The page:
Global Politics

South Korea's Buddhists concerned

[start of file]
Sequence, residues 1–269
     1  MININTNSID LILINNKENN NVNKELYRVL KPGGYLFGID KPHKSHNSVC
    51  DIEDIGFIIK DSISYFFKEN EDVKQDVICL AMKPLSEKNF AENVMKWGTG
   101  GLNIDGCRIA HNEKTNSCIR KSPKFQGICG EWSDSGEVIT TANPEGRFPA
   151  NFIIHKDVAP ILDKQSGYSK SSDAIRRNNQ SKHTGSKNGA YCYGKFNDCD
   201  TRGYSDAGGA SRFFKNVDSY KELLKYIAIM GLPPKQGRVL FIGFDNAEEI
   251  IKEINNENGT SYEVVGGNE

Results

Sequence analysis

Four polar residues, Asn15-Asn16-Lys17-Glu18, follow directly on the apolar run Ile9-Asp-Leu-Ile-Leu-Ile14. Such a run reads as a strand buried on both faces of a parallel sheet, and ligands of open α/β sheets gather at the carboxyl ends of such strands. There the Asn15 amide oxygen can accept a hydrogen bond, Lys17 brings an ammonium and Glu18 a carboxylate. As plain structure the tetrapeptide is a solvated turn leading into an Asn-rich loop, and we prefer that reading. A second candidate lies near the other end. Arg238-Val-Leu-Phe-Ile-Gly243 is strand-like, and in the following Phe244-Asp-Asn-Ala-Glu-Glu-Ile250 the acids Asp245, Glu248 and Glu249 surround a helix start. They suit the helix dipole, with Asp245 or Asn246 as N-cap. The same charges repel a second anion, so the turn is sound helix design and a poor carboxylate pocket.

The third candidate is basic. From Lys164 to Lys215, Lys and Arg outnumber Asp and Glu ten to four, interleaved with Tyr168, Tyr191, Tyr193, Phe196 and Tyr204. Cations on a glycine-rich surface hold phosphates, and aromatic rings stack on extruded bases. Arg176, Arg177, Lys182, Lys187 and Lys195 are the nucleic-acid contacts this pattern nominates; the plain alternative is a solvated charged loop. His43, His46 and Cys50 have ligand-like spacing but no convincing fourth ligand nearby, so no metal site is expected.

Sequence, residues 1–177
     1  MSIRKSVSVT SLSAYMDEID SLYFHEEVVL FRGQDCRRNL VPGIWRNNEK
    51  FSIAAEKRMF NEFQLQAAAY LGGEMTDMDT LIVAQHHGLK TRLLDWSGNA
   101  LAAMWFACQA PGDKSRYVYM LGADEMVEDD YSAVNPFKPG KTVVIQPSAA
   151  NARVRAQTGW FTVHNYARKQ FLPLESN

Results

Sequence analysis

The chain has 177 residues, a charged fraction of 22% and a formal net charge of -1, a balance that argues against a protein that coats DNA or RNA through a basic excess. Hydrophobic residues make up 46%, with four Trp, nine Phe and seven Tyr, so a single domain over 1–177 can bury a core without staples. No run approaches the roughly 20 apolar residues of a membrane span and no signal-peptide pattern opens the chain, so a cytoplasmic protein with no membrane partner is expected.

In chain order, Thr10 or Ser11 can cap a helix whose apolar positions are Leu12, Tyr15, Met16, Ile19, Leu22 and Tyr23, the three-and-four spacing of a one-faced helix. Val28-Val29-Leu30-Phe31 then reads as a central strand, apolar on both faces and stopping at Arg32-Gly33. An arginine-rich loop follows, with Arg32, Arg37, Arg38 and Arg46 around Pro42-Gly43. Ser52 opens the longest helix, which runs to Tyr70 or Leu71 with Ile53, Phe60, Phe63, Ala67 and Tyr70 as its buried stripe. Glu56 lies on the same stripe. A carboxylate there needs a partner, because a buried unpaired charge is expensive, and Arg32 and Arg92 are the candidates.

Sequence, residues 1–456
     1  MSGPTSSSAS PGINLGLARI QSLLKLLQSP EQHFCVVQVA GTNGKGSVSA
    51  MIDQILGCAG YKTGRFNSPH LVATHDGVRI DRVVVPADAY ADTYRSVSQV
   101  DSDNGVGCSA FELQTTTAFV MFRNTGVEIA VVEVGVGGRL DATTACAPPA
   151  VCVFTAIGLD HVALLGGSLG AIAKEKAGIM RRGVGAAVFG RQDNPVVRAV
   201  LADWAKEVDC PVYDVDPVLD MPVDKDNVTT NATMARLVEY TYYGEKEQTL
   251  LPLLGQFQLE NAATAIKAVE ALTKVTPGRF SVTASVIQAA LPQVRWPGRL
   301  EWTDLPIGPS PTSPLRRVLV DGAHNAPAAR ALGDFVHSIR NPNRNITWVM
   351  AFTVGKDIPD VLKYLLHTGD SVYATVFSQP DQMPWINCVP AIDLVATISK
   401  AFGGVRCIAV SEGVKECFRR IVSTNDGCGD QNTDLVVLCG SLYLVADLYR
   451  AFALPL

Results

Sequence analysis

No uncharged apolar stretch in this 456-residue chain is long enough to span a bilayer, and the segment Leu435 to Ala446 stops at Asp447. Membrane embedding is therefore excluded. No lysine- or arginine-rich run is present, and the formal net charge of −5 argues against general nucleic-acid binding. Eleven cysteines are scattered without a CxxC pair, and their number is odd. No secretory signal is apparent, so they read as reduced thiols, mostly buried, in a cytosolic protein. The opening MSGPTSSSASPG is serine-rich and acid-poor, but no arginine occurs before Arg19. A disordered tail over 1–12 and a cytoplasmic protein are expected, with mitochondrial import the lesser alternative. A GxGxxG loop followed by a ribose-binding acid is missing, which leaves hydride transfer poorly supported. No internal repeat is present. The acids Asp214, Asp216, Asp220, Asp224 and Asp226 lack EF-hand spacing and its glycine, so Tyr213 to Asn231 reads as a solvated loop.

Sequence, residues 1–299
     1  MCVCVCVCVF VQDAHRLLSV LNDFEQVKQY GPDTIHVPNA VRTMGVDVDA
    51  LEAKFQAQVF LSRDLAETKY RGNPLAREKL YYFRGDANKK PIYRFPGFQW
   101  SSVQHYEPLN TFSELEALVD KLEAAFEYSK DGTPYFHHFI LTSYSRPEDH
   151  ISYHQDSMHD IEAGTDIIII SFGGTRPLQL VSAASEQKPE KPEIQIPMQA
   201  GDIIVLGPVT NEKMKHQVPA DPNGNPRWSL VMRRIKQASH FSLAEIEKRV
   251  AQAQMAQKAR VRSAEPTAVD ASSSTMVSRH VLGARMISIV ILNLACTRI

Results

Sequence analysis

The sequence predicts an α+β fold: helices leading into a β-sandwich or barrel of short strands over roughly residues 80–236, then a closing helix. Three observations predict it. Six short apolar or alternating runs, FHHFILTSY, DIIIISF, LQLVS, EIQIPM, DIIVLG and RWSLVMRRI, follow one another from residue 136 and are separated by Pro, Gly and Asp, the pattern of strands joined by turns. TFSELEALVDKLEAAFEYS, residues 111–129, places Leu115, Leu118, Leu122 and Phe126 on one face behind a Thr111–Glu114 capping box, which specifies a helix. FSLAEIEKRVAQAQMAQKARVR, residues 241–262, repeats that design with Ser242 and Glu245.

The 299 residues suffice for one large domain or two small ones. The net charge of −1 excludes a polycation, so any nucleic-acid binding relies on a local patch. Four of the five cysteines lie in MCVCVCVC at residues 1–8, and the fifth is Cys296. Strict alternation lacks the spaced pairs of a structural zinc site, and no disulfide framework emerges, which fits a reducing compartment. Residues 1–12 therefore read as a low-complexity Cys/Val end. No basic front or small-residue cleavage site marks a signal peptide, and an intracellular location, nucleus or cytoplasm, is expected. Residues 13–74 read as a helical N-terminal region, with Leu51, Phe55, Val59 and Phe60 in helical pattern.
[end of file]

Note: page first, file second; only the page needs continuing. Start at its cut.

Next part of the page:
Since being sworn in as President last February, Lee has come under fire from many sides. Now the Buddhists of South Korea are joining in that criticism. Monks have accused the president of discriminating against other religions. They've even arranged thousands of colored lamps at their temple to spell the English word �Out.� The manager of the temple says the president is trying to turn South Korea into a Christian country. He says most of the officials in Lee's cabinet are from his Christian Church, and when he was mayor of Seoul he once said that he offers the city to the Christian God. He also points out that major Buddhist temples have been left off official city maps while even small churches were added on. In August, Buddhists rallied in front of Seoul City Hall with thousands of supporters, and this weekend they're planning an even bigger protest. Following the first demonstration, the president offered an apology. Lee has denied he holds any religious bias. The Buddhists are also demanding that activists charged during demonstrations this summer be pardoned and that Seoul's Police Chief who is also Christian be replaced. This increased activism is an attempt by Buddhists to win back some of the influence they've lost in Korean society. This analyst believes that while the Buddhists have some legitimate gripes, he doesn't see widespread discrimination. But he adds Korean Christians, even some in the government, have earned themselves a bad reputation and have been hostile to other religions. The National Human Rights Commission says they have not seen any indication that religious intolerance is on the rise. Worshipers at the Buddhist temple have mixed feelings on the topic.

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